Comment Of The Day: “Unethical Quote Of The Month: Journalist Matt Pearce”

I thought a bit of rancor was appropriate for a Comment of the Day on this topic, which I’m sure some Ethics Alarms readers are getting sick to death of, the collapse of journalism ethics. I fight every day to find a balance between posting more evidence of this corrosive and wholly avoidable infection within our society, for more evidence appears daily, and leaving the issue alone for another day in order to examine different topics. But while in other areas of professional ethics I see sincere and genuine efforts to identify unethical conduct, address it, and reform it…Yes, even in politics…I see none  in journalism. To the contrary, I see obstinate denial that there is a problem, especially from those who perceive themselves and their ideological agendas as benefiting from the increasingly egregious mainstream media bias. Until there is an acknowledgment of this problem and its seriousness within journalism itself, it will only continue to get worse, and our society and nation will get even sicker as a result.

Here is Steve-O-in NJ’s Comment of the Day on the post, Unethical Quote Of The Month: Journalist Matt Pearce:

CAN journalists legitimately try to hide their agendas from anyone with a functioning brain and ethical compass after they “cut loose” in 2016? The evidence of media bias has been getting bigger and bigger since 1992. The media’s running interference for Bill, attempt to swindle the voters in 2004 with a lie, and industry-wide push for Obama were all pretty damning pieces of evidence, but the open abandonment of objectivity in 2016 in an attempt to save this nation from itself irrevocably broke the scale. I think for a while they even had you [ Host’s note: That is, me] persuaded, though not consciously so, since your thinking moved through the idea that Hillary would do less damage than Trump before you decided that Hillary was also unworthy of your support.

It’s frankly time for the mainstream media to own up to the fact that it isn’t objective anymore and hasn’t been for some time, and that its job is to push the progressive agenda any way it can. It won’t though. It’s like a family member calling you up on Saturday morning and saying “I don’t want to take up your day, but the attic needs cleaning, the faucet’s dripping, and the hedges need trimming, so I was hoping…” What your in-law is really hoping is that you’re gullible enough to go along with what he says, and that, come 5 or 6 that evening, when all these tasks are done, before he pushes you out the door because it’s suppertime and “I only bought enough for us, I know you’ll understand” you’ll self-deceive and say it was no trouble at all. In reality, you got had, you knew you were being had, but you took the path of least resistance (of course maybe your wife implied or stated outright that your monthly sex night was in jeopardy if you didn’t do whatever her screwup brother wanted).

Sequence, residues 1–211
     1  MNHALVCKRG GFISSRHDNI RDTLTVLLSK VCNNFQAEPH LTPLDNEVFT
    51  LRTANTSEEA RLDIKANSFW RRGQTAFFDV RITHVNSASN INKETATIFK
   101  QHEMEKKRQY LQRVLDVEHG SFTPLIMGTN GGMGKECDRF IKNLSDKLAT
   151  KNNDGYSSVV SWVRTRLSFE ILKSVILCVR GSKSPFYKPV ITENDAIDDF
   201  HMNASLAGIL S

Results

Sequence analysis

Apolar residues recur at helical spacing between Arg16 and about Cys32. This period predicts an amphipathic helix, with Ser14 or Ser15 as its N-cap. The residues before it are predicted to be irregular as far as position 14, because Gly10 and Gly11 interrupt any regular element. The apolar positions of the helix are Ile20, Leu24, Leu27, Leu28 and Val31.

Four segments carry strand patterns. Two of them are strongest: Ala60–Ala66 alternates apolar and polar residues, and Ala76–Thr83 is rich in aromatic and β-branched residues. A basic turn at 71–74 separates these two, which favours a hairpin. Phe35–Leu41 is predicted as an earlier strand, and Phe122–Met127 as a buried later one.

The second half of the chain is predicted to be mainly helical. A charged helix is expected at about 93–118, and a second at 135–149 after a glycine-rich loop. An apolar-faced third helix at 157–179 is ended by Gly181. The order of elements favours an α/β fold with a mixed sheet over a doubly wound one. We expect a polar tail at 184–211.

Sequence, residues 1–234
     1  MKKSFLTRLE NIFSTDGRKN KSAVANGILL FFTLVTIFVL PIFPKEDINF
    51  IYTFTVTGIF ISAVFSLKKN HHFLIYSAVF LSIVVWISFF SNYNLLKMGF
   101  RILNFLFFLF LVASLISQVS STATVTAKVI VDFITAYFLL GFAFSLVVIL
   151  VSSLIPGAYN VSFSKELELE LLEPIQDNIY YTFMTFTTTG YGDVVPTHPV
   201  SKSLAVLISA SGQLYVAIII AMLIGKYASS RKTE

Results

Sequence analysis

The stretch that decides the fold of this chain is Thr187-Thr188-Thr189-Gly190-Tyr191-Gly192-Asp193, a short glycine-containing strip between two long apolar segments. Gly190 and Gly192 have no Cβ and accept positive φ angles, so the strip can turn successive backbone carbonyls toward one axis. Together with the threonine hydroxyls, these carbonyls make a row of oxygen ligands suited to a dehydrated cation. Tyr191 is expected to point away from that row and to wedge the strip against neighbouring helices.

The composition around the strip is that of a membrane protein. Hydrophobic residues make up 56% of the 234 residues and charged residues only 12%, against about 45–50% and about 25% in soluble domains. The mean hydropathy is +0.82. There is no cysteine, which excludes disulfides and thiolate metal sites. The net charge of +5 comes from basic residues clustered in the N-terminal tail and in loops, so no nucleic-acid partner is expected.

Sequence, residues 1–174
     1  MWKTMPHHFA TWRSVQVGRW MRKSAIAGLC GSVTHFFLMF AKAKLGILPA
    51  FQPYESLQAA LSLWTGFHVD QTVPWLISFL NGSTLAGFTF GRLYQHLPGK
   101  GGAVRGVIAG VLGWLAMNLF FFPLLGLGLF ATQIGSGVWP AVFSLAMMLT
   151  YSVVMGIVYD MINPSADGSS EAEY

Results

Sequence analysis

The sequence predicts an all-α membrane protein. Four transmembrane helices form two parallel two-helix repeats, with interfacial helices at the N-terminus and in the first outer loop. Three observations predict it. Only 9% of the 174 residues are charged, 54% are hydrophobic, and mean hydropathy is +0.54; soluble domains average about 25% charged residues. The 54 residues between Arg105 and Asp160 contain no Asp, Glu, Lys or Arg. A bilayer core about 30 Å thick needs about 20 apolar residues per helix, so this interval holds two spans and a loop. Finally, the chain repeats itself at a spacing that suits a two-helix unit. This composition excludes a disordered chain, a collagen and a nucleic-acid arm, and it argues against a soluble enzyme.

If you have a spine and a brain, you won’t self-deceive, and you’ll tell your in-law he is hoping in vain, you already have plans, and he can do his own damn home maintenance, Chump’s Free Contracting is out of business. It’s time for the public to stop self-deceiving and not take anything the mainstream media says at face value.

33 Comments

Filed under "bias makes you stupid", Comment of the Day, Government & Politics, Journalism & Media, Professions, U.S. Society

33 responses to “Comment Of The Day: “Unethical Quote Of The Month: Journalist Matt Pearce”

  1. dragin_dragon

    This MAY already be happening. Note NYT’s declining subscription rate and MSNBC’s and CNN’s declining Nielsen’s ratings.

    • Note the stellar ratings of a poorly written comedy that dares to give Trump and his supporters a tiny bit of credit, however tongue in cheek.

      https://www.washingtonpost.com/news/arts-and-entertainment/wp/2018/03/28/abcs-roseanne-premiere-was-the-highest-rated-sitcom-episode-in-years/?utm_term=.9a200d82bae7

      You would think Hollywood would get the hint, from a profit oriented point of view.

      • Speaking of—I finally forced myself to watch Alec Baldwin’s Trump imitation. I was genuinely shocked: it’s terrible! It’s 7th grade level face-making—no subtlety, no wit, and most of all, no resemblance. It is just calculated to appeal to Trump-haters, while funny impressions should make the subject as well a his or her detractors laugh. Baldwin’s a talented performer, if the biggest jack-ass in Hollywood; he should be ashamed of himself.

      • Ben Shapiro’s take on the success of Roseanne is the correct one. Has nothing to do with Trump. As he put it, Roseanne’s character could have been a Bernie supporter and it would have been popular.

        Roseanne is, and always will be, a show about a “blue collar” family “just trying to get by”. It’s appeal is that many Americans have been convinced that they are stuck in the same economic conditions and therefore have an excuse to surrender any higher aspirational values, norms and standards.

        Anyone can identify with what is essentially a subtle appeal to being an underdog wanting to get ahead without ever having to make any serious life / habit changes that might actually help get you ahead.

        • Since I regard Rosanne and any character she plays as vile, I have never watched more than 5 minutes of any episode of the show, and never will.

          • Full disclosure: I did not watch the show, and got transcripts online after I saw the news item about ratings.

            I would not watch Roseanne Barr if she set herself on fire, and I don’t care who she voted for. Her brand of ‘humor’ is uncivilized, crass, crude, and vile. It used to be shocking, which is how she got her fame. It is no longer unique.

          • Still Spartan

            Roseanne was a great show with fantastic actors and it resonated with a lot of blue collar families. I haven’t had time to catch the reboot yet.

            • Chris

              Yes. Roseanne Barr the person is a complete nutjob, but her show was a classic for good reason. I’m not sure if I’ll catch the update either given her recent nuttiness, but I remember the original fondly.

        • It is not what the show said or was about: it is what the show was purported to be about that got the ratings. And the main character being a Trump supporter who said the left has moved so far left that they left her implied that the show was about MAGA, even though it is still filled with unethical progressive (but I repeat myself) trash.